Robots to affect up to 30% of UK jobs by the 2030s
Robotics and artificial intelligence could affect almost a third of UK jobs by the 2030s, according to a study. The report from accountancy firm PwC also predicted that the nature of some occupations would change rather than disappear. It added that automation could create more wealth and additional jobs elsewhere in the economy. Jobs in manufacturing and retail were among the most at risk from the new technologies, the report said. The study estimated that 30% of existing jobs in the UK were potentially at a high risk of automation, compared with 38% in the US, 35% in Germany and 21% in Japan. John Hawksworth, chief economist at PwC, told the BBC that “more manual, routine jobs” which “can effectively be programmed” were the most at risk.”Jobs where you’ve got more of a human touch, like health and education,” would be safer, he said.
Elon Musk creates Neuralink brain electrode firm
Tesla chief executive Elon Musk has launched Neuralink, a start-up which aims to develop technology that connects our brains to computers. A report from the Wall Street Journal, later confirmed in a tweet by Mr Musk, said the company was in its very early stages and registered as a “medical research” firm. The company will develop so-called “neural lace” technology which would implant tiny electrodes into the brain. The technique could be used to improve memory or give humans added artificial intelligence. According to the Journal, leading academics in the field have been signed up to work at the company which is being funded privately by Mr Musk. Specialists in the field envision a time when humans may be able to upload and download thoughts.
European growth defies uncertainty to hit six-year high
Fears over a populist political tide sweeping across Europe have done little to set back the Continent’s economic performance after figures today showed growth at a six-year high. The latest snapshot the eurozone’s private-sector manufacturers and services firms from IHS Markit – revealing the fastest expansion since April 2011 comes against the backdrop of deep political uncertainty following the Brexit referendum and Donald Trump’s White House win. Although Mark Rutte fended off Geert Wilders’ Freedom Party in last week’s Dutch elections, Marine Le Pen is likely to be in the final run-off for the French presidency in May, and German Chancellor Angela Merkel faces elections. But powerhouses France and Germany grew strongly despite rising price pressure. The European Central Bank is pumping €80 billion (£69.2 billion) into the economy every month although the strength of the survey is usually at a level where the ECB would be hiking rates, according to IHS Markit’s chief economist Chris Williamson. “Worries about consumer spending and business confidence haven’t emerged yet and the ECB could be behind the curve,” he said.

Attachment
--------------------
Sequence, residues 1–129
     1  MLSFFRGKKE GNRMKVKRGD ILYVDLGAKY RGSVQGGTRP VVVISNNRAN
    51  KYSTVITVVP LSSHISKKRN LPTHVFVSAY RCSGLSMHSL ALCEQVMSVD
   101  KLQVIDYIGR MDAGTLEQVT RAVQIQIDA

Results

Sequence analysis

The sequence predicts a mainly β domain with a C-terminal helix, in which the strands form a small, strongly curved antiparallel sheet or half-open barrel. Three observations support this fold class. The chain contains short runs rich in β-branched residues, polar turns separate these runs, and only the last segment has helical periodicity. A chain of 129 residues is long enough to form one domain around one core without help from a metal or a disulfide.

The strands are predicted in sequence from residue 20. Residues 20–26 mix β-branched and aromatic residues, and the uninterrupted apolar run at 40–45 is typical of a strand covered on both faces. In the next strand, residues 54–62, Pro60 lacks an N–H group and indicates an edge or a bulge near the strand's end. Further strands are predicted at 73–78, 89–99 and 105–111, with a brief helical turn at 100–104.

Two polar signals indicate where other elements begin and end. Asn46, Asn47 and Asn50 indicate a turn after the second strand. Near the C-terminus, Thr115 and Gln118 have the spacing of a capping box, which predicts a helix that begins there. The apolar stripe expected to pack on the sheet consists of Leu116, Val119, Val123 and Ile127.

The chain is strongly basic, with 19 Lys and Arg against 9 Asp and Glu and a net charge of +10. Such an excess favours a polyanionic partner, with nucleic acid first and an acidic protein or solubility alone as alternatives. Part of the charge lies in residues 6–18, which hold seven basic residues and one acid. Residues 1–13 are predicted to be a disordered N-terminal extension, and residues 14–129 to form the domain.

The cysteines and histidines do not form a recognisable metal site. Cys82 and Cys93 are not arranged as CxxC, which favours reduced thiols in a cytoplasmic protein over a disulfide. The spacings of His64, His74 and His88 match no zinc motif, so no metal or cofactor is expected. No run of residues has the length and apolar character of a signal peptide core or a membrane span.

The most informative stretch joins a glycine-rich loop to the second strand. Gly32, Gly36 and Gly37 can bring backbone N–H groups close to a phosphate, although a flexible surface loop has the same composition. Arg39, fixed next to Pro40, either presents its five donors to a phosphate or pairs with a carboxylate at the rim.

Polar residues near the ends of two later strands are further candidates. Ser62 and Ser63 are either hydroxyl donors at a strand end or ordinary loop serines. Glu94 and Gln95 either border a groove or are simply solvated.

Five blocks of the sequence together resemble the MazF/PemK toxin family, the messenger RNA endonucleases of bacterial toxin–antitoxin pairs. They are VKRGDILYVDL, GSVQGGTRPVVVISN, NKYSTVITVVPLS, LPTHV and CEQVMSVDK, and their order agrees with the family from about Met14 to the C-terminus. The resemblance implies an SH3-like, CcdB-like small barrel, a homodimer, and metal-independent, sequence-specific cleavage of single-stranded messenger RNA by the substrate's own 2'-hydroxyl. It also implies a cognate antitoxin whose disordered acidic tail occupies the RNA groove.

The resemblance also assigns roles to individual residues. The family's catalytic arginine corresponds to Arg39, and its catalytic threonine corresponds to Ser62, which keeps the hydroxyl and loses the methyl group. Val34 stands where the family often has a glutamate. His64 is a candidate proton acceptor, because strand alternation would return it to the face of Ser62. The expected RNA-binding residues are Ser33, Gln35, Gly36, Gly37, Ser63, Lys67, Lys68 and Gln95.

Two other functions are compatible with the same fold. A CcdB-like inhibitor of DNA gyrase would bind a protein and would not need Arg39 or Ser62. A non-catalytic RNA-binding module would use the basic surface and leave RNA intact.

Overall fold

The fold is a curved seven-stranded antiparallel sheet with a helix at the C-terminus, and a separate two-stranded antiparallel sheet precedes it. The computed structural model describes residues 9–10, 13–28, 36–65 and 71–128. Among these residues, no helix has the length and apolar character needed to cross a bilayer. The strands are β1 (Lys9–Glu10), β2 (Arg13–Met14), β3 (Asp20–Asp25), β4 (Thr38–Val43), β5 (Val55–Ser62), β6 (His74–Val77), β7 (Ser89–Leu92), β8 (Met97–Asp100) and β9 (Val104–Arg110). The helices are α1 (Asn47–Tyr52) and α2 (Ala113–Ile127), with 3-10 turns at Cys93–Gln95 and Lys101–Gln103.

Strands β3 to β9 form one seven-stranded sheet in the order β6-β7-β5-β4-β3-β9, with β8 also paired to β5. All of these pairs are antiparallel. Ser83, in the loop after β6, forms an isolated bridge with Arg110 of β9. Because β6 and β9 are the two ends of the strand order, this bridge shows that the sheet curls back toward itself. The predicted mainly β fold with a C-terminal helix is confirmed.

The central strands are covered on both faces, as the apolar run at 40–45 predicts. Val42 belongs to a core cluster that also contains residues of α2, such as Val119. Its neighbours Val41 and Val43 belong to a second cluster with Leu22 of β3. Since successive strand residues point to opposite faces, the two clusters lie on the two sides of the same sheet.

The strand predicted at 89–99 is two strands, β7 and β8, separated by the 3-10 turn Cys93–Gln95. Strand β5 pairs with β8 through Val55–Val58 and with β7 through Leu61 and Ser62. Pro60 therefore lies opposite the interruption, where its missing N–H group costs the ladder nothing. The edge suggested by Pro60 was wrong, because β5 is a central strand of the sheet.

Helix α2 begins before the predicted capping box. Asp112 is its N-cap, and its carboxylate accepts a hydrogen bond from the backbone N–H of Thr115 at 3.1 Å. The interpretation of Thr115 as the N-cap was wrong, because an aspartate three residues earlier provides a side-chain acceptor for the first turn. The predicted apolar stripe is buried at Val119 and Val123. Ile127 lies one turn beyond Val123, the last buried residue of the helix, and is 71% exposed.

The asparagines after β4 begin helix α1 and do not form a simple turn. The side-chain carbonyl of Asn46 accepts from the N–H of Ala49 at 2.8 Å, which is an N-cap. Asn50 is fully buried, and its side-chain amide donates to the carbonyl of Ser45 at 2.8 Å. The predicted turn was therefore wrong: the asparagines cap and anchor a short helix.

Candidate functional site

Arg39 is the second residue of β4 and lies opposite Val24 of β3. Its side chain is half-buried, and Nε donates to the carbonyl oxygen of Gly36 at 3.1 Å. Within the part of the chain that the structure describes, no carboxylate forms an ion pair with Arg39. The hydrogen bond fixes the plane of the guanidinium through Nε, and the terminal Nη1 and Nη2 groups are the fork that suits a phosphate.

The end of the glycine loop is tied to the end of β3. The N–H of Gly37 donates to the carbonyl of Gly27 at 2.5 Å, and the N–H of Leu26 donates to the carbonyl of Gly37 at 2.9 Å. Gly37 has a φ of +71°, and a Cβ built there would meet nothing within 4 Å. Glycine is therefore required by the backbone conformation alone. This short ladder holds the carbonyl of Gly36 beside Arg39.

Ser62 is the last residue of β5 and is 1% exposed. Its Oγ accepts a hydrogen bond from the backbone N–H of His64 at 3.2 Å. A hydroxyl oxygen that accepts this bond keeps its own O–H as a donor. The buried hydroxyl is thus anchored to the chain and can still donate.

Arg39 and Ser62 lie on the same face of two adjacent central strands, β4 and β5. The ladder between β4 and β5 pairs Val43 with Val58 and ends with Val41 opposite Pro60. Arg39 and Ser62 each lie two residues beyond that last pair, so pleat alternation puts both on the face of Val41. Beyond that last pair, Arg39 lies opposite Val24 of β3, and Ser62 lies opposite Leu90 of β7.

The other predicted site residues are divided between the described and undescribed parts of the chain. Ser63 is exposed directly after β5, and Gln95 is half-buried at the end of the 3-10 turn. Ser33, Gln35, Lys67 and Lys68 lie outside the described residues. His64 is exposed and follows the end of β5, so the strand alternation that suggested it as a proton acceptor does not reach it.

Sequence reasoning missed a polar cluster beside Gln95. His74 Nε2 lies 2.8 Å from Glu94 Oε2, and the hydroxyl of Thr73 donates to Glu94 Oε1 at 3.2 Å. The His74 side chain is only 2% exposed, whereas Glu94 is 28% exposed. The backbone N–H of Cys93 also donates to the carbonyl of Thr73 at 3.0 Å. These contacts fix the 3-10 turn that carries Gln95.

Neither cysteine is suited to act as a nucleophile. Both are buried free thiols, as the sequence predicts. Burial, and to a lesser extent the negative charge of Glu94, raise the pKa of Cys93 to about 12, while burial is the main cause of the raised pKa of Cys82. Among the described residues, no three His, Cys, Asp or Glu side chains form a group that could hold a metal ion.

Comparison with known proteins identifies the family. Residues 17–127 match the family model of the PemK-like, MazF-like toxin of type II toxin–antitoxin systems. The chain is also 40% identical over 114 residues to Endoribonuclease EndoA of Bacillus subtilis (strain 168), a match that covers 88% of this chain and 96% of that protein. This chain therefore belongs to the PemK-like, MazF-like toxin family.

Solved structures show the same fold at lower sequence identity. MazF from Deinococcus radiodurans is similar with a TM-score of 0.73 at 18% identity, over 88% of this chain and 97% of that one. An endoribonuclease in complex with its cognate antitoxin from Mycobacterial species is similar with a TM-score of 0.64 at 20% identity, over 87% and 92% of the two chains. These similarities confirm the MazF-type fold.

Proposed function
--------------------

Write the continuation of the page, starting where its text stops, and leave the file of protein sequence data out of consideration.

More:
Arctic’s Winter Sea Ice Drops to Its Lowest Recorded Level
After a season that saw temperatures soar at the North Pole, the Arctic has less sea ice at winter’s end than ever before in nearly four decades of satellite measurements. The extent of ice cover – a record low for the third straight year – is another indicator of the effects of global warming on the Arctic, a region that is among the hardest hit by climate change, scientists said. “This is just another exclamation point on the overall loss of Arctic sea ice coverage that we’ve been seeing,” said Mark Serreze, the director of the National Snow and Ice Data Center, a government-backed research agency in Boulder, Colo. “We’re heading for summers with no sea ice coverage at all.” Dr. Serreze said that such a situation, which would leave nothing but open ocean in summer until fall freeze-up begins, could occur by 2030, although many scientists say it may not happen for a decade or two after that. The melting of sea ice does not raise sea levels, but loss of ice coverage can disrupt ecosystems. For example, it can affect the timing of blooms of phytoplankton, the microscopic organisms at the bottom of the ocean food chain. Less ice coverage also means that there is more dark ocean to absorb more of the sun’s energy, which leads to more warming and melting in a feedback loop called Arctic amplification.
200-lb gold coin worth estimated $4 million is stolen from German museum
A precious gold coin that’s in the Guinness Book of Records for its unsurpassed purity was stolen early Monday from a museum in Germany. The coin, which weighs more than 200 pounds and has a diameter of more than 20 inches, was taken from the Bode Museum in Berlin after 2 a.m. local time. German media reports put the current value of the gold coin at 3.7 million euros, or slightly more than $4 million. Read: Ancient Roman coins found in ruined Japanese castle. Nicknamed “the “Big Maple Leaf,” the coin was issued by the Royal Canadian Mint in 2007, ahead of Queen Elizabeth II’s state visit to Germany. It has a face value of more than $1 million and a purity of 999.99/1000 gold.